Penetration pricing means offering a lower price than competitors when initially entering the market in order to capture a large market share. As your client base grows and you establish your reputation in the industry, you raise your price gradually until it’s equal to or higher than your competitors’.

  • Example: You might use this method when you open a restaurant in a market with more established competitors.
  • Advantages: You can quickly grab a large share of the market by offering a favorable price to consumers.
  • Disadvantages: Initial prices may earn you little to no profit, and you might even incur a loss. It may also be difficult to raise prices once customers become accustomed to lower prices. You must build customer loyalty first, so that customers are willing to pay increased prices.

Premium pricing

In this strategy, you market your product or service as “premium,” or perceived as high-end and of very high quality, and price it accordingly.

  • Examples: Organic food is perceived as better than other choices (and more costly to produce), thus it can command premium prices.
  • Advantages: If you have a distinct competitive edge in the market or a unique product or service, premium pricing negates a competitor’s strategy of undercutting your share of the market with lower-priced versions of a product or service. Yours is marketed as premium, effectively in a class of its own.
  • Disadvantages: This strategy depends heavily on consumer perception of your product or brand in the market, thus requiring a great deal of effort and investment in marketing and branding.

Economy pricing

This strategy involves pricing your product or service to have relatively small profit margins, hoping for a rapid turnover based on volume. It targets price-conscious consumers who are looking for the lowest price possible.

  • Example: Some large chain stores rely on huge turnover and volume with lower prices rather than high profit margins per unit.
  • Advantages: Economy pricing works best for generic products that are easily replaceable and target audiences who either can’t afford or don’t want to pay for a premium product.
  • Disadvantages: Profits are insufficient if you don’t sell enough volume. Your customer base is limited to those choosing inexpensive products and services; therefore, the value set by consumer perception is also low.

Bundle pricing

Bundle pricing means grouping several products together and pricing the bundle lower than purchasing each item individually. This offers the customer the perception of value.

  • Examples: Examples of this strategy include combo meals at restaurants, cable channel bundling, and product bundling in retail stores.
  • Advantages: This works best for bundling complementary products, selling slow-moving inventory together with more popular services or products, or getting customers to give a new product a try.
  • Disadvantages: If your customers don’t want all the items in the bundle, that may dissuade them from buying the whole thing, opting for the individual product they need.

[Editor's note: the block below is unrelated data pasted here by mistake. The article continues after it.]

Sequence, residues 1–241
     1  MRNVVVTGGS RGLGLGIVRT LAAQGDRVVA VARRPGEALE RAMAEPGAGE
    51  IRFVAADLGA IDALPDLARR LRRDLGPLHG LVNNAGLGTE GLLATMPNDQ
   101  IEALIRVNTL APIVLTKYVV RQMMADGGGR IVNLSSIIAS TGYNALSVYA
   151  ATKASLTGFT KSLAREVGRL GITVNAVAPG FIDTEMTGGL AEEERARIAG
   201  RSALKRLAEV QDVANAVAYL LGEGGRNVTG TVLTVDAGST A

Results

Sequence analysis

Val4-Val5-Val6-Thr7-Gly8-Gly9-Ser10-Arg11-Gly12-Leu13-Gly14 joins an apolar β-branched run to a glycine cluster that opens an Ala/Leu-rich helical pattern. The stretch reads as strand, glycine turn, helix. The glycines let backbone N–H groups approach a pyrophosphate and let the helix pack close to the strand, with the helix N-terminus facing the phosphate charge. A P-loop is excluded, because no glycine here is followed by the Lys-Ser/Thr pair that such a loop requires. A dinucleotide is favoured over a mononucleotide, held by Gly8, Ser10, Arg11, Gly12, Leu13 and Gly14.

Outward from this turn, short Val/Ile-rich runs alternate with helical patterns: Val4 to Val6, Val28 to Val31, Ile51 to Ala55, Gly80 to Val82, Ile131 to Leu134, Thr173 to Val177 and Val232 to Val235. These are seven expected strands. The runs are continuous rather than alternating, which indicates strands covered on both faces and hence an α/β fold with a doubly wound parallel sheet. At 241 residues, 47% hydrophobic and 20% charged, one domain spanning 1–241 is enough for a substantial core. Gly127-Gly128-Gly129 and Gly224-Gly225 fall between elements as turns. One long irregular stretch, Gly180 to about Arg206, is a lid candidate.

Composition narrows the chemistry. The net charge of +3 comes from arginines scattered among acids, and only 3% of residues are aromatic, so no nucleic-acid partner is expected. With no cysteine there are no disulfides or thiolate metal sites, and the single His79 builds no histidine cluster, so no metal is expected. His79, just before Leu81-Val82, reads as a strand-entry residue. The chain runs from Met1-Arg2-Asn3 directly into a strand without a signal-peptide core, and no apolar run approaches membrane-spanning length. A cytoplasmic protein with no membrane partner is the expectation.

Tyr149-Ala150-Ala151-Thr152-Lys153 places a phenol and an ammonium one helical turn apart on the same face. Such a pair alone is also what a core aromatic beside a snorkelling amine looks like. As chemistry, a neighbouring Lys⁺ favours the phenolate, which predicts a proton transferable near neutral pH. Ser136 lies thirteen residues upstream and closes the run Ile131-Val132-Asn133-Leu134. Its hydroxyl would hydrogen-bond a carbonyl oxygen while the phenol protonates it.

Other strategies

Other pricing strategies include:

  • Dynamic pricing, which depends on surges in demand or constrictions of time
  • Hourly pricing, which bills by the time it takes to complete a service
  • Project-based pricing, an alternative to hourly pricing
  • “Freemium” pricing, a variation on premium pricing

Within strategies, you can get more specific; for example, with psychological pricing. This involves deciding on specific price points that customers perceive a certain way. Products with prices ending in .99, for example, are perceived as less expensive than products with prices ending in .00, even if the difference is only one cent.

Choose the right pricing strategy for your business

With so many strategies to choose from, there’s no one-size-fits-all solution to pricing. What are some factors to consider in determining which strategy is best for your business?

  • Your product or service. Are you marketing multiple products or services, or just one unique product or service? Is it new or existing? Is it easily replaceable or expendable?
  • Your audience. Is your audience diverse or very specific? What is their perception of your brand, product, or service? Are they brand loyal, or do they shop specifically for deals?
  • The market. What industry are you in? Is it a highly competitive market? What is current supply and demand? Is it a rapidly evolving industry or more stable and static? Can you rely on volume, or do you need a higher profit margin per unit?

Thinking through these questions might be enough to enable you to choose the best strategy for your business. But you may want to conduct a pricing analysis or build out a pricing model to compare strategies.

  1. Calculate the cost of your product or service. Taking into account any expenses involved, including material costs and unexpected variables, in producing a product or offering a service, you’ll end up with a number to base your pricing on.
  2. Understand your audience. Conducting market research—using surveys, questionnaires, focus groups—can give you a sense of what your customers value and what they are willing to pay for.
  3. Research your competitors. Research the quality, price, and reputation of products and services offered by competitors, whether they sell the same product or service or offer an equivalent alternative.
  4. Look into local regulations and compliance. Before deciding on a pricing strategy, investigate whether there are any laws or standards that regulate pricing in your industry.

Armed with this information, you can quickly determine which strategy is best for you: whichever has the most advantages and the fewest disadvantages for your small business or e-commerce shop.

Boost your business with Mailchimp

A dependable e-commerce platform provides you with the tools and resources you need to establish and implement your pricing strategy. Mailchimp can help you get your business up and running. And once you’re established, you can use Mailchimp to market your products or services successfully and grow both your business and profits. Mailchimp’s easy-to-use Marketing Platform enables you to create and maintain a competitive online presence so you can engage your audience and build a loyal customer base.